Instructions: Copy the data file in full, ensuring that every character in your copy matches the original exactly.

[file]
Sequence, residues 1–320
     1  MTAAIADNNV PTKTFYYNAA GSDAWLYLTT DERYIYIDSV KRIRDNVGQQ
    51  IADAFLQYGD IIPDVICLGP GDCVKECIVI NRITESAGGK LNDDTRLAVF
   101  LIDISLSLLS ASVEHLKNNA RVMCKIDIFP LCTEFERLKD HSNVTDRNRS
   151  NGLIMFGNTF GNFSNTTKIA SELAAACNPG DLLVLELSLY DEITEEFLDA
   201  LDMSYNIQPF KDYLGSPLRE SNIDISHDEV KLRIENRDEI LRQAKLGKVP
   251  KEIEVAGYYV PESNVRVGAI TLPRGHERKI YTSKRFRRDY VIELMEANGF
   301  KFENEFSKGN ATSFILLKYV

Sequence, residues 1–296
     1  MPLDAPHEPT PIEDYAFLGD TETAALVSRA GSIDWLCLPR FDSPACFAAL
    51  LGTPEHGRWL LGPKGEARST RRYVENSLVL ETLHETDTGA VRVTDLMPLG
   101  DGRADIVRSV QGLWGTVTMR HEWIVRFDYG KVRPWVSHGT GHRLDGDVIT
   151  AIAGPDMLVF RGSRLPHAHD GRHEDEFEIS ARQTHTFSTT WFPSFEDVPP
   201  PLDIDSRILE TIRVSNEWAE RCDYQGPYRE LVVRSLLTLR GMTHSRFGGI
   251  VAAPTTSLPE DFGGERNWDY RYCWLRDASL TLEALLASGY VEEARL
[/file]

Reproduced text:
Sequence, residues 1–320
     1  MTAAIADNNV PTKTFYYNAA GSDAWLYLTT DERYIYIDSV KRIRDNVGQQ
    51  IADAFLQYGD IIPDVICLGP GDCVKECIVI NRITESAGGK LNDDTRLAVF
   101  LIDISLSLLS ASVEHLKNNA RVMCKIDIFP LCTEFERLKD HSNVTDRNRS
   151  NGLIMFGNTF GNFSNTTKIA SELAAACNPG DLLVLELSLY DEITEEFLDA
   201  LDMSYNIQPF KDYLGSPLRE SNIDISHDEV KLRIENRDEI LRQAKLGKVP
   251  KEIEVAGYYV PESNVRVGAI TLPRGHERKI YTSKRFRRDY VIELMEANGF
   301  KFENEFSKGN ATSFILLKYV

Sequence, residues 1–296
     1  MPLDAPHEPT PIEDYAFLGD TETAALVSRA GSIDWLCLPR FDSPACFAAL
    51  LGTPEHGRWL LGPKGEARST RRYVENSLVL ETLHETDTGA VRVTDLMPLG
   101  DGRADIVRSV QGLWGTVTMR HEWIVRFDYG KVRPWVSHGT GHRLDGDVIT
   151  AIAGPDMLVF RGSRLPHAHD GRHEDEFEIS ARQTHTFSTT WFPSFEDVPP
   201  PLDIDSRILE TIRVSNEWAE RCDYQGPYRE LVVRSLLTLR GMTHSRFGGI
   251  VAAPTTSLPE DFGGERNWDY RYCWLRDASL TLEALLASGY VEEARL